The Interconnected World The Fulbright Association’s 31st Annual Conference in Beijing, People’s Republic of China The Fulbright Association’s 31st annual conference took place from October 20 to October 22, 2008, in Beijing. Titled “The Interconnected World”, it was organized in cooperation with the China Education Association for International Exchange and was designated as one of the official activities marking the 30th anniversary of the normalization of diplomatic relations between China and the United States. Chinese-American exchange has strong roots in the Fulbright tradition. In November 1947, the first executive agreement under the Fulbright Program was concluded with China. During the 1948-49 academic year, Derk Bodde, an American sinologist and historian of China, became the first U.S. scholar to receive a Fulbright award and served in Beijing as a Fulbright research fellow. Held each fall, the Fulbright Association’s annual conferences attract Fulbright alumni from throughout the U.S. and around the world as well as public officials, members of the private sector and representatives of the higher education and foreign affairs communities. The conferences aim at providing a multidisciplinary forum for the discussion of international issues and developments in the field of international educational and cultural exchange. They also offer a platform for Fulbright alumni from around the world, many of whom are very involved in Fulbright associations in their respective countries, to reflect on how to promote the Fulbright program and strengthen the alumni community. After Athens in 2004, Beijing 2008

U.S. Fulbright Association Executive Director Jane Anderson and Selma Jeanne Cohen Fund Lecturer Alison Friedman; Photo: Wiltrud Hammelstein

30 FRANKly 20 · The Fulbright Association’s 31st Annual Conference in Beijing

By Barbara Weiten

marked the second time the conference took place in the city hosting the Summer Olympics. In 2012, the Fulbright Association expects to hold the conference in London with the cooperation of the British Fulbright Scholars Association and the Fulbright Commission of the United Kingdom. In Beijing, nearly 200 Fulbright alumni and program staff from Australia, China, Egypt, France, Germany, Japan, Korea, Nepal, Pakistan, Poland, Qatar, Romania, Serbia, Singapore, Spain, United Kingdom, United States, and Vietnam attended the three-day conference. The program offered a plethora of presentations, panels and roundtable-discussions on a wide variety of topics elucidating the conference’s theme of the interconnected world, focusing on music, visual arts, science and the environment, business and finance, journalism, communications and (international) education. Among the highlights: •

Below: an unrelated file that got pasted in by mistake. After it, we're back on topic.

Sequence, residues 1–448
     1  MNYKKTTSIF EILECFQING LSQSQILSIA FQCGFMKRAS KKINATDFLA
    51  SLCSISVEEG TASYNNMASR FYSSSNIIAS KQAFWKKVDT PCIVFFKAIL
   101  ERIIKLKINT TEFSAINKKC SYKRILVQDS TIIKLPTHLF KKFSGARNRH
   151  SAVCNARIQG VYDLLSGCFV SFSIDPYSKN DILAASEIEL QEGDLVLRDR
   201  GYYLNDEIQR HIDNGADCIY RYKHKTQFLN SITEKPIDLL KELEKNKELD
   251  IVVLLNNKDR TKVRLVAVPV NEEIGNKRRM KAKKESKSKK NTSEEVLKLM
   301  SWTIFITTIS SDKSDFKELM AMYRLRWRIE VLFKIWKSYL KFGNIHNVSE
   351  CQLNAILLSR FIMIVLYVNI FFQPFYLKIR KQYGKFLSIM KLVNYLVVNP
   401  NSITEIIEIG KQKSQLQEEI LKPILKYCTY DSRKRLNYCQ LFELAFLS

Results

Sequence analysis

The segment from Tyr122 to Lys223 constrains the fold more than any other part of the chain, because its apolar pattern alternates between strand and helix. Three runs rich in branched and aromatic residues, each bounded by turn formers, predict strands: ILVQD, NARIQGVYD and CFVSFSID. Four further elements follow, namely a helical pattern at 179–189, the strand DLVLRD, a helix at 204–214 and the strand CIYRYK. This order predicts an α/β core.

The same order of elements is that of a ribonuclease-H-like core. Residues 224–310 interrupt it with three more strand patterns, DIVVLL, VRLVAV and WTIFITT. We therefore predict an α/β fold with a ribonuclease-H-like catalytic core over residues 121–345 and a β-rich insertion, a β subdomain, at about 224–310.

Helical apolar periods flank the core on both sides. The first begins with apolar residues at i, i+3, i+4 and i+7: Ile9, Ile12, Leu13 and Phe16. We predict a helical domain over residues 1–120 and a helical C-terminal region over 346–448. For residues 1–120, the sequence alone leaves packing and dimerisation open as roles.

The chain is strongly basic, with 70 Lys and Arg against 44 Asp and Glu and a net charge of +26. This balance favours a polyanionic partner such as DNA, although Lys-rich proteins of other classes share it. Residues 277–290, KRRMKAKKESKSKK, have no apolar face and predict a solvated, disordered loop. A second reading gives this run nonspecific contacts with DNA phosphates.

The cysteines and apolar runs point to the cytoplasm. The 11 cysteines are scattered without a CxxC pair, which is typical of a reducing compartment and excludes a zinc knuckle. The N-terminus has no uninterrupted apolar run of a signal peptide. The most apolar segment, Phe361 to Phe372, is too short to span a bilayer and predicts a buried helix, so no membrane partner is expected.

The 2008 Selma Jeanne Cohen Fund Lecture on International Dance Scholarship, held by Alison Friedman, a 2002 Fulbright grantee to China, focusing on the challenges confronting Chinese modern dance

A luncheon address by James Fallows, China correspondent for the U.S. magazine The Atlantic Monthly, addressing current political, economic and social developments in China, its role in the world, and the U.S.-China relationship

Performance of traditional Chinese music at the cultural reception in Chang Pu Hu Park; Photo: U.S. Fulbright Association


Temple of Heaven; Photo: Barbara Weiten

In addition, the agenda also included sessions focused on Fulbright alumni associations and their activities, such as the annual business meeting of the U.S. Fulbright Association, various alumni-led roundtable discussions and an alumni panel discussing best practices and challenges in alumni affairs. The latter brought together leaders from various U.S. local and statewide chapters and national alumni associations and offered me, as representative for the German Fulbright Alumni Association, the opportunity to contribute to the conference by presenting activities, successes and challenges of the Fulbright alumni community in Germany. Moreover, the conference offered cultural and social events, such as a performance showcasing traditional Chinese music, an evening banquet and a reception hosted by His Excellency Carlo Krieger, a Fulbright scholar to the United States in 1982, at the Embassy of Luxembourg, located in a traditional Beijing hutong, a narrow alley featuring historic Chinese architecture.

Inside a traditional Hutong; Photo: Barbara Weiten